This is why sometimes I am worried about social media nowadays. Algorithms are increasingly learning better about us, that they would simply present to us – either in our news feed in Facebook or better-optimized search results in Google – anything that would validate what we have read, or what we have searched. There come conservative bubbles, liberal bubbles, centrist bubbles, feminist bubbles, men’s right bubbles, sadomasochist bubbles, etc., and as though these bubbles are heading into a huge collusion. It becomes difficult to forge a dialogue, or a conversation, for people of contrasting viewpoints.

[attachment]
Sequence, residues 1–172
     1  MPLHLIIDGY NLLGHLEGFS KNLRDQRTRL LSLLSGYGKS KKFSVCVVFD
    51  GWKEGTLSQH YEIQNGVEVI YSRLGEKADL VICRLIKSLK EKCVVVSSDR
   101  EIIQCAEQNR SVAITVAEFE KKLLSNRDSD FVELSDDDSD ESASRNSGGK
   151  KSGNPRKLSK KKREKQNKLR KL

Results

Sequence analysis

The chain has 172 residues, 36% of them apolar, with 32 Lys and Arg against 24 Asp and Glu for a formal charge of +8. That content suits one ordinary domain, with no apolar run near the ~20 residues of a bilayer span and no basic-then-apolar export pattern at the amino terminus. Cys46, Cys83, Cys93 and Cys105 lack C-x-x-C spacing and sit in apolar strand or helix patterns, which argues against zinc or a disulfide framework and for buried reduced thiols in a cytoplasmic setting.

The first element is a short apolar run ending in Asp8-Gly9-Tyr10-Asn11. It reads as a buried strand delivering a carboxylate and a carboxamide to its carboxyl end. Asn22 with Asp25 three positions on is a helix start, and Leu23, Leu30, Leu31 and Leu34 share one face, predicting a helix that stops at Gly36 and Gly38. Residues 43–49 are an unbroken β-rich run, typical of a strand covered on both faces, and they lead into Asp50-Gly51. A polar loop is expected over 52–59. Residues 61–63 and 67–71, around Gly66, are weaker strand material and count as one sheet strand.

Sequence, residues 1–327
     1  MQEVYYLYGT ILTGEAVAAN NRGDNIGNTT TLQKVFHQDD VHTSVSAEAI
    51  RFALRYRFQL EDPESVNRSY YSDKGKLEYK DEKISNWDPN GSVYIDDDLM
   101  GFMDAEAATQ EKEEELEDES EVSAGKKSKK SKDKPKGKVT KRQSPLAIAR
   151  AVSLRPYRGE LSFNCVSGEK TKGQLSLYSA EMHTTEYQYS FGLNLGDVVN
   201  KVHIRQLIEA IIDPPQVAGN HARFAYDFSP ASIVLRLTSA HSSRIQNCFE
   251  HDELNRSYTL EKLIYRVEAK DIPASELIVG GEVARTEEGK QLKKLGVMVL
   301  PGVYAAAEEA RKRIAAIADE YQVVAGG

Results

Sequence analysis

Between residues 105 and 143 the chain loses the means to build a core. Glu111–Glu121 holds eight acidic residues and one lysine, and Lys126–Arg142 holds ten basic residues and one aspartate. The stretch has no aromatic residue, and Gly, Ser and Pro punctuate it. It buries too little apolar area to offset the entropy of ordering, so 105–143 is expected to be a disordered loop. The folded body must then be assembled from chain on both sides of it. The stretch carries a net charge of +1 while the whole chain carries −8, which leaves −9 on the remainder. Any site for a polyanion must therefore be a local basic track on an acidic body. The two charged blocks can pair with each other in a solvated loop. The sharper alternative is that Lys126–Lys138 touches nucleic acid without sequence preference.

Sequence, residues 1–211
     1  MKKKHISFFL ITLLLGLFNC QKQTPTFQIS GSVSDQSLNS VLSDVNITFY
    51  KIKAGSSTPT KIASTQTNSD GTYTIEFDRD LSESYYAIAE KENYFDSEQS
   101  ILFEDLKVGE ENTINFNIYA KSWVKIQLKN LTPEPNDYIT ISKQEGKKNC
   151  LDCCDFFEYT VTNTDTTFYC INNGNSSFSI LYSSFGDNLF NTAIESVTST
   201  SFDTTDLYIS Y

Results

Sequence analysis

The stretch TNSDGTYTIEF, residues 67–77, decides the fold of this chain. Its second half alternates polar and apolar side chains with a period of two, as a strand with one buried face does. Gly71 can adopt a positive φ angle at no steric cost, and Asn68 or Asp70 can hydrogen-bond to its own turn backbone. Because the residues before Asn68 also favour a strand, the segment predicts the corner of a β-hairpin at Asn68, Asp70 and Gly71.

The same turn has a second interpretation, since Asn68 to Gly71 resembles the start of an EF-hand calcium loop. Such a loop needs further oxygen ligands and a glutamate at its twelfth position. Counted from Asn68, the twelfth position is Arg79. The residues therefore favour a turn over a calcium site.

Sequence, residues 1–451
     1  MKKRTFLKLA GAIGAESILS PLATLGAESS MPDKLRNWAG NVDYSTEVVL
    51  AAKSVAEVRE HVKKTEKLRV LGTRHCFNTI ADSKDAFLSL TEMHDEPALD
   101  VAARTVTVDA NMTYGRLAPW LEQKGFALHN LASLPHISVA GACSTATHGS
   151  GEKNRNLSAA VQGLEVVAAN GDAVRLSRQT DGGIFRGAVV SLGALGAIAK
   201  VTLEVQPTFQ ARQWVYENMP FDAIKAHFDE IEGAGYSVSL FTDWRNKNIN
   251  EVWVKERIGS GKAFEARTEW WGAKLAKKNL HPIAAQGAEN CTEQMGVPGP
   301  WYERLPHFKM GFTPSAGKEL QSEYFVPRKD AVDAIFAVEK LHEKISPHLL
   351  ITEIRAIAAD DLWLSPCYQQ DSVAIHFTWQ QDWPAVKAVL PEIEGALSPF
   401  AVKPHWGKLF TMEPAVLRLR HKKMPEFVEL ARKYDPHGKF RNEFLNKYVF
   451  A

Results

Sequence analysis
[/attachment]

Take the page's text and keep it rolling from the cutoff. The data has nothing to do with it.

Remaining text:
Still, as much reservation that I have, I pretty much agree with many of the values that are advocated by most feminist movements across the world. Issues already mentioned above, such as rape, gender wage gaps, glass ceilings, lack of equal access, or female genital mutilation, remain seriously concerning. This is where the movement is stepping in to continue their fight.